A foreign company may provide a lower bid because they are more experienced and efficient but the upfront cost is not the real cost. Giving the contract to a UK company has many benefits to our economy - more employment for British workers, less need for welfare, more skill and experience gained by our workforce, more taxes received and the potential to grow more efficient and competitive businesses.

    I am certainly not in favour of supporting very inefficient UK companies that are unlikely to improve but I wonder if all the above factors are taken into account when decisions are made.
    Probably not.

    Government departments need to fight to justify their budget spend and to “prove” they have received the best value for money that they can. The trade off is that public services overall may cost more.

    That’s probably a trade off that many people would be prepared to make and perhaps the pendulum has swung too far towards cheapness over local - much of that can be squarely laid at the Tories with their “market forces” philosophy.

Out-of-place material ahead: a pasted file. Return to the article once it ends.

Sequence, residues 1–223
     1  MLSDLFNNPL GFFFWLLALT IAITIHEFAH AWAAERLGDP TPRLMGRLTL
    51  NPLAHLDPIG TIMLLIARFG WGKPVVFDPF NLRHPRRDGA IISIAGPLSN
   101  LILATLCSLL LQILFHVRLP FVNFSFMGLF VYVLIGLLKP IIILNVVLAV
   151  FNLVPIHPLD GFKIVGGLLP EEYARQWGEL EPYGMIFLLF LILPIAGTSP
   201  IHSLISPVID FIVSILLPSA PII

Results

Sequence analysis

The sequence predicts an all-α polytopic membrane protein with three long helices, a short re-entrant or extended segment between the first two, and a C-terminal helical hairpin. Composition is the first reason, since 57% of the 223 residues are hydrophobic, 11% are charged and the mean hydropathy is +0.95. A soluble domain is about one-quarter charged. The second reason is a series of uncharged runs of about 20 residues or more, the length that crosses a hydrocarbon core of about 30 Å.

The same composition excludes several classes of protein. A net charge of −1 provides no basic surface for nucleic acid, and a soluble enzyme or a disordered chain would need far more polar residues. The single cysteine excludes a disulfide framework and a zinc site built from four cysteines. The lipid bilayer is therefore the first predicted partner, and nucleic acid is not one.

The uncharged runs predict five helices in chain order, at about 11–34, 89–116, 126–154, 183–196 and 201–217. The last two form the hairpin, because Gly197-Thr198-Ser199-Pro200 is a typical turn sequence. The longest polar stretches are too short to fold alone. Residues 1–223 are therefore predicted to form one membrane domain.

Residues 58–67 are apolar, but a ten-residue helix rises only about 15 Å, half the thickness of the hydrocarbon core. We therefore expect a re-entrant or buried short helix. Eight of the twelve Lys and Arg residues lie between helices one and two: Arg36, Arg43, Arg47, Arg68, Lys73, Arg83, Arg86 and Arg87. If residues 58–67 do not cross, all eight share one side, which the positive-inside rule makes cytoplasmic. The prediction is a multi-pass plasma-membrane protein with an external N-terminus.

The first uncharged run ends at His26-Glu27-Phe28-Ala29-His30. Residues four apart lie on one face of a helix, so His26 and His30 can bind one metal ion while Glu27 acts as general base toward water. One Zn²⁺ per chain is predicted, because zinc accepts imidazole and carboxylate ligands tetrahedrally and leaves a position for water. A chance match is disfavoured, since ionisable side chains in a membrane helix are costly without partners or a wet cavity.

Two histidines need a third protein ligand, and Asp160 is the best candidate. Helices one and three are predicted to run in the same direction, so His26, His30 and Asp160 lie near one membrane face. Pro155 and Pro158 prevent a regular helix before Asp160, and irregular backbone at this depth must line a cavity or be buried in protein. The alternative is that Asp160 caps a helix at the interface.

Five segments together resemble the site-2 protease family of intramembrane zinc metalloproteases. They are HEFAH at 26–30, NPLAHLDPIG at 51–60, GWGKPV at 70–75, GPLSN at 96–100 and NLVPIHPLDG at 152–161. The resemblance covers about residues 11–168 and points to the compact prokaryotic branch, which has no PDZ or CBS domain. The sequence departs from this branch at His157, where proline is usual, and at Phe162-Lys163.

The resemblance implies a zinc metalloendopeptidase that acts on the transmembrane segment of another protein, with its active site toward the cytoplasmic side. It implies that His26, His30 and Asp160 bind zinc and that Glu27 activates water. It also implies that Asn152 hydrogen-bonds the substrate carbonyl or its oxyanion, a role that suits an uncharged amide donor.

9. #19

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    Quote Originally Posted by xoggoth View Post
    https://www.theguardian.com/politics...-jeremy-corbyn

    Going back to what Labour used to be in the 70s, a party that put British workers first!
    Most British workers spent the 70s gathered round a brazier outside a state-owned factory which was losing money on everything it made.
    His heart is in the right place - shame we can't say the same about his brain...

  10. #20

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    Quote Originally Posted by NotAllThere View Post
    To be fair there are people, even within the Labour party who call Corbyn that.
    Bloody Corbyn, inventing anti-Semitism.

    We should go back to the good old days before anti-Semitism existed in the labour party, when Margaret Hodge could cheer the physical manhandling and removal of a jewish holocaust survivor from the party conference.
    On Desolation Boulevard, they'd light the faded lights.....